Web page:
This was the start of using the computer to produce and layout the newsletter in a format acceptable to professional printers. (Willsons of Newark) Unfortunately the cost of continuing using colour on the cover was too expensive, so the use of the digital camera to produce pictures of buildings within the three villages was adopted This was also the start of one or two articles being submitted to the editor via electronic mail. Now in 2004 approximately 70% are submitted this way.
The newsletter is still ‘free' to each household and is funded exactly as it was on its inception.
At this point of time (July 2004) the Focal Point is distributed by the following:-
Winthorpe :- Diane McClymont, Margaret Bark, Vivienne Green, Nan Jackson, Ian Wilson, Pat Finn, Keith Bryan, Frank Dennis
Langford:- Sheila Bird
Holme:- Diane Malone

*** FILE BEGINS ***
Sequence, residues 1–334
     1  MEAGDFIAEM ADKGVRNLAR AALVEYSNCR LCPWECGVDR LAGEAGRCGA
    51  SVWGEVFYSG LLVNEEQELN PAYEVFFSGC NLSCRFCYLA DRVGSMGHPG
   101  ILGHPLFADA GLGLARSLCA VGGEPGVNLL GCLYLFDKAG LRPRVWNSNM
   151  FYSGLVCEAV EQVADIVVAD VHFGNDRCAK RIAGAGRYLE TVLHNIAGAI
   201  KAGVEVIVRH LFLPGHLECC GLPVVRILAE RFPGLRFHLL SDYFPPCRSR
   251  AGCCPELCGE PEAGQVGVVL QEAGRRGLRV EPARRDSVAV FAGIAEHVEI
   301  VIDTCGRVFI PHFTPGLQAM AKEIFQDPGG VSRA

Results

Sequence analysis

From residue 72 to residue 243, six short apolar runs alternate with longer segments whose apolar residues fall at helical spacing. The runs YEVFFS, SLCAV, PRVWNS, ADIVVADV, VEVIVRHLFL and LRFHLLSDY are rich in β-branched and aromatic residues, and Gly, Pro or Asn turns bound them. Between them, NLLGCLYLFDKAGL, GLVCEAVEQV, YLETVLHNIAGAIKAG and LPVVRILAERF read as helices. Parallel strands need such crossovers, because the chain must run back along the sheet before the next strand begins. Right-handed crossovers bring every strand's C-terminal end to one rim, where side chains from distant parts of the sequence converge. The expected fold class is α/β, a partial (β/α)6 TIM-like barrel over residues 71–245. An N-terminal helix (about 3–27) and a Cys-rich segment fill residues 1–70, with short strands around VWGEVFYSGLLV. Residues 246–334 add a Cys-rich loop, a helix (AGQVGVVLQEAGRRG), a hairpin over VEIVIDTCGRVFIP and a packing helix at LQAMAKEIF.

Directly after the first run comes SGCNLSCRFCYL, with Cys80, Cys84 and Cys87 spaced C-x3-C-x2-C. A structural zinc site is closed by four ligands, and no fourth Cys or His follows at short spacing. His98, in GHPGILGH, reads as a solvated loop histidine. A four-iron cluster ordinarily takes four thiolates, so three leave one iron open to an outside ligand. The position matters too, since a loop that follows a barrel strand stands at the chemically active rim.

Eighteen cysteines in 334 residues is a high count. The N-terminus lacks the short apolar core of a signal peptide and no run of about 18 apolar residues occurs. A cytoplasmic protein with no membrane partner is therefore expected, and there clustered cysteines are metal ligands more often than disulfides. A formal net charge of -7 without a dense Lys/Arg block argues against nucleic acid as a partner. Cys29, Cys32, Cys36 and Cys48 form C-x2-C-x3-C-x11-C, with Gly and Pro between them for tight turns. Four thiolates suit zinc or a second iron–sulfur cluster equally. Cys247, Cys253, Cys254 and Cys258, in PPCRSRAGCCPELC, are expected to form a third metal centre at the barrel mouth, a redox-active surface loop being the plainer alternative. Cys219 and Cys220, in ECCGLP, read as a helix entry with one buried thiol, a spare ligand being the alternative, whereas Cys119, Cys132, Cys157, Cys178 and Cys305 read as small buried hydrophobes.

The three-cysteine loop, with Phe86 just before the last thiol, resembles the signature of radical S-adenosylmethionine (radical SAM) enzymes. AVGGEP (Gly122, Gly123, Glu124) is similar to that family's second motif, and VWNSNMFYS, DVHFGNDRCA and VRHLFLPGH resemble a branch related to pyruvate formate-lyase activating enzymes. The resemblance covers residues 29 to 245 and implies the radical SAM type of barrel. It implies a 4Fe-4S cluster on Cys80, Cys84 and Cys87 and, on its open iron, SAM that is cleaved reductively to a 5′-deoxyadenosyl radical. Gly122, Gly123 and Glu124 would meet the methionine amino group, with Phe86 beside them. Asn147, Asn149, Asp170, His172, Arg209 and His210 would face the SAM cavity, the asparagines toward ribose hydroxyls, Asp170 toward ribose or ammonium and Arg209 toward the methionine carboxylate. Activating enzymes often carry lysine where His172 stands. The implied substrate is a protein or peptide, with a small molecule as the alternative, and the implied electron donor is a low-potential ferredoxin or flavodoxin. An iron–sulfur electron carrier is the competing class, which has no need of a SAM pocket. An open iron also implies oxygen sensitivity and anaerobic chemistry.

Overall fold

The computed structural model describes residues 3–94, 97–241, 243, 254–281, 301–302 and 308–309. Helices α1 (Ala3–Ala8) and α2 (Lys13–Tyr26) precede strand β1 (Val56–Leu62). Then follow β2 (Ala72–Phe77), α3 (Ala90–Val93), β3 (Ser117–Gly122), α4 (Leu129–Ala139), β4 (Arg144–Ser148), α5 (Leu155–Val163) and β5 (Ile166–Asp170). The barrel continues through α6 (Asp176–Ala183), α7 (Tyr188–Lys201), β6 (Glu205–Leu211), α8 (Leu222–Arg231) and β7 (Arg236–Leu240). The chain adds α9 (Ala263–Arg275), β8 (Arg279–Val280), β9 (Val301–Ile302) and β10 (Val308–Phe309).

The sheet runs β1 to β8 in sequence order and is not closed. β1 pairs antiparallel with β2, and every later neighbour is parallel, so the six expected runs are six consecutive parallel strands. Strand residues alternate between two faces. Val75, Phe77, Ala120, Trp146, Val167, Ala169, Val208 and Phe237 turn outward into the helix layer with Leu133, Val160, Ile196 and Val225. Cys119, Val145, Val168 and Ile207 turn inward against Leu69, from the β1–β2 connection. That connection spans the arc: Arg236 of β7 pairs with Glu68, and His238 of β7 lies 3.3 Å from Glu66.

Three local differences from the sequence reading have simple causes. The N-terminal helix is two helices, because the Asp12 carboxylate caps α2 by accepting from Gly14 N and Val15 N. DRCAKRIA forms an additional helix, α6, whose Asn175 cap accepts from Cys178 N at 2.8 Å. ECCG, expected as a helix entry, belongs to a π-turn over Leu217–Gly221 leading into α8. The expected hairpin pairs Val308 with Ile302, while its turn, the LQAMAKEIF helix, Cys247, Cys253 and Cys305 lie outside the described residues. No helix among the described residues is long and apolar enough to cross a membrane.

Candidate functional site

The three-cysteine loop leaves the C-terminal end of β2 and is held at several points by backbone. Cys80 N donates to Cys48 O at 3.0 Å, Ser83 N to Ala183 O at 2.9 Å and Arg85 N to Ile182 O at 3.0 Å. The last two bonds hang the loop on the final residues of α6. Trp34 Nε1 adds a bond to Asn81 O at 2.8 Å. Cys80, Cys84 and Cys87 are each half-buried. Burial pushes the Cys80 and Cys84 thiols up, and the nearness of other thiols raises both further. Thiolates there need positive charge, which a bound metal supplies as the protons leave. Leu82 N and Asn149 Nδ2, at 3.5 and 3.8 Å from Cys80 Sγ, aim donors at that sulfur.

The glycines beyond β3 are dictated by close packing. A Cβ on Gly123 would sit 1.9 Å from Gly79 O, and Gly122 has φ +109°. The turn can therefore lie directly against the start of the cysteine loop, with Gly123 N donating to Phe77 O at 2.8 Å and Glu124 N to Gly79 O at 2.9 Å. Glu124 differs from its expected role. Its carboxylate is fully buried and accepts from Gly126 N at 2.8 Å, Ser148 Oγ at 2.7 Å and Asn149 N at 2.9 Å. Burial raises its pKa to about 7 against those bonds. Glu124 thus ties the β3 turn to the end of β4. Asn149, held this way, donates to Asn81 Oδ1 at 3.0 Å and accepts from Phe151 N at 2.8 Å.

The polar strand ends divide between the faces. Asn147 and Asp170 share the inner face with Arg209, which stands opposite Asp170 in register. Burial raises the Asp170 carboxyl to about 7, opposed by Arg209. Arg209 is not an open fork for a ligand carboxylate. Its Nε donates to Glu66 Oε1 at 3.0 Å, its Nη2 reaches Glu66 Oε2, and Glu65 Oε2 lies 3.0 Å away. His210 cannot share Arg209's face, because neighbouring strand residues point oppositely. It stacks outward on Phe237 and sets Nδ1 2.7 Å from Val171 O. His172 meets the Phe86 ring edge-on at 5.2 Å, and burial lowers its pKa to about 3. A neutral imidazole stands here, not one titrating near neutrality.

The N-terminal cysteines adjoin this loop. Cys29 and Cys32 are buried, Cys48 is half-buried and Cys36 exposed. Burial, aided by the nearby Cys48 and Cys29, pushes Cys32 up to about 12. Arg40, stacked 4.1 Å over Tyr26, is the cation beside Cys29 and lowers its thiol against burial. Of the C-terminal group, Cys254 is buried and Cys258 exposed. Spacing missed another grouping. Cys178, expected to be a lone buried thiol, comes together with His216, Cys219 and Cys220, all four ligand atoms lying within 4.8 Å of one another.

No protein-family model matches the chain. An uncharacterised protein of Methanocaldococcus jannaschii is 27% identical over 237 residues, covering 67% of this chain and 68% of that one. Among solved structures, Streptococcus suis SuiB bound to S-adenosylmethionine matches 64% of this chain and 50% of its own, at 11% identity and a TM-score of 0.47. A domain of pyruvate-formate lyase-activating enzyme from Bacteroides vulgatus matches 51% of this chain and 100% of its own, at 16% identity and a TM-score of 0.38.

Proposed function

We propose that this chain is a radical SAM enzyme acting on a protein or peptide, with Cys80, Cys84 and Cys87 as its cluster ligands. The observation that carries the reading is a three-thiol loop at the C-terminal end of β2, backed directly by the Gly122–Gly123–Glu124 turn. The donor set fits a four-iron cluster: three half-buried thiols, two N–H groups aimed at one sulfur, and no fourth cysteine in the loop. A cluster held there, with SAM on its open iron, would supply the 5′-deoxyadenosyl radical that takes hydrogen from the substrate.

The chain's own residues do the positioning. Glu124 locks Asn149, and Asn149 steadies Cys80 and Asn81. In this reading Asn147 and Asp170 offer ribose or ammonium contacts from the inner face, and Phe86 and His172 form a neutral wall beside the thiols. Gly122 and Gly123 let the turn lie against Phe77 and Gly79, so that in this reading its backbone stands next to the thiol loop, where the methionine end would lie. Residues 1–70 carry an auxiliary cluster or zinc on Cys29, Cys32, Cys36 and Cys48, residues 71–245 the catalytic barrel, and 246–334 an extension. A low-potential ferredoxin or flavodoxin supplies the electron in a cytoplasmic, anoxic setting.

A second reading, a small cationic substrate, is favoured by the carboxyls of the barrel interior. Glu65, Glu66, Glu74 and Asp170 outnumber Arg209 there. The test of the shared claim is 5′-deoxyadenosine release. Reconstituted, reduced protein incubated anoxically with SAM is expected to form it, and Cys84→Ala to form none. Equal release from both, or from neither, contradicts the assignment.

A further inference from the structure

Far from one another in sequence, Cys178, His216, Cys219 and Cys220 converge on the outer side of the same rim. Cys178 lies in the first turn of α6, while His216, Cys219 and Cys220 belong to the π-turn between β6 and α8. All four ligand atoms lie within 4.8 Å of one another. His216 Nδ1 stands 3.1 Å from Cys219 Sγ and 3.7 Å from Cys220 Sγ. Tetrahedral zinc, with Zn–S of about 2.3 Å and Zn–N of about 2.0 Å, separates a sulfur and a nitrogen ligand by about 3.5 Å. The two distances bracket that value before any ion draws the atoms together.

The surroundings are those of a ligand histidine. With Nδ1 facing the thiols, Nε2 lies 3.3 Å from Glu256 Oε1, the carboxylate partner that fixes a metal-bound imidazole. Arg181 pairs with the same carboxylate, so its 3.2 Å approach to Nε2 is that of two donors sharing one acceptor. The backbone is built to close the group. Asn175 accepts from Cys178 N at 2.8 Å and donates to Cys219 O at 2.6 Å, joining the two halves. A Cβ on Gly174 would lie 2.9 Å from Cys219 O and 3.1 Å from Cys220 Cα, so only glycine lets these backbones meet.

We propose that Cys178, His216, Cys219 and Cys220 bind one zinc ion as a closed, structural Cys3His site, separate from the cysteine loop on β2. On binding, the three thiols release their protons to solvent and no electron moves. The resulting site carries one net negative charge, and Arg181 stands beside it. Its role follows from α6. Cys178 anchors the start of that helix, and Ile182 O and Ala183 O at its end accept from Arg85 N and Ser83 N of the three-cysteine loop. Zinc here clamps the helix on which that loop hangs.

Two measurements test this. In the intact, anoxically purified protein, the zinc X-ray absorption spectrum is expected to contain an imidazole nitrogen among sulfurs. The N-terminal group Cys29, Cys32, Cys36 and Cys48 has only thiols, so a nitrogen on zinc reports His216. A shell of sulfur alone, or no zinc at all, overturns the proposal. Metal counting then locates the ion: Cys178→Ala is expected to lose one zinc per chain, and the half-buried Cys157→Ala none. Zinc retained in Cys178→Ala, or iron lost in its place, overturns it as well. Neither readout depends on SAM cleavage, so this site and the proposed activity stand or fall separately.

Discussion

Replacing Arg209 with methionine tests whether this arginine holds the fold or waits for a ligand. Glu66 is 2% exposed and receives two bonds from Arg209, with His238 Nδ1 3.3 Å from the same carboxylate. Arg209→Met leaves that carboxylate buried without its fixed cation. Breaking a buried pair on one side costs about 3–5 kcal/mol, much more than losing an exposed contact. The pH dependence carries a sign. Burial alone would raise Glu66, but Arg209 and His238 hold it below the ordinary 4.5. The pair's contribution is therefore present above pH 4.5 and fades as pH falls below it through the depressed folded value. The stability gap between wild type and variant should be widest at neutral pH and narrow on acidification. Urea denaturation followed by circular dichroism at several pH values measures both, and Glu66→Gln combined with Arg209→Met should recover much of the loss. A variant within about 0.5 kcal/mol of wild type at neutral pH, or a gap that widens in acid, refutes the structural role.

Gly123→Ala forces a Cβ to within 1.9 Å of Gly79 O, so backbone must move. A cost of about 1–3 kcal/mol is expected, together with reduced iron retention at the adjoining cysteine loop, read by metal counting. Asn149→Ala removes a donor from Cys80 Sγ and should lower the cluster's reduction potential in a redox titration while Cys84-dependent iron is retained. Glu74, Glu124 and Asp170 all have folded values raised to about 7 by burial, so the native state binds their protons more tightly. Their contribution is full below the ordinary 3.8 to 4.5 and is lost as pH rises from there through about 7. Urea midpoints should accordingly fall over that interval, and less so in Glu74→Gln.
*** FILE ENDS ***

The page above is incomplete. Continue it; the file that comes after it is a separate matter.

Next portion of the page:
Cliff Newbold. Editor January 2001 -
FOCAL POINT EDITORS
Lynne Shapley December 1980 - November 1987
David Brooks December 1987 - March 1988
Jenny Lindley April 1988 - November 1988
Peter Roach December 1988 - April 1993
Peter Milroy May 1993 - December 2000
Cliff Newbold January 2001 -
- The first Focal Point came out in December 1980.
There have been 283 issues so far but have you been keeping an accurate account?
In 1991, June, July and August all had the same issue number of 127. In 1992, January and February had the same issue number of 132. In 1993, January and February had the same issue number of 144. Issue 172 also appeared twice in June and July 1995. Thankfully in January 1998, (after a dispute over celebrating issue number 200), the issue numbers were re-aligned to issue 206 and since then all has been well.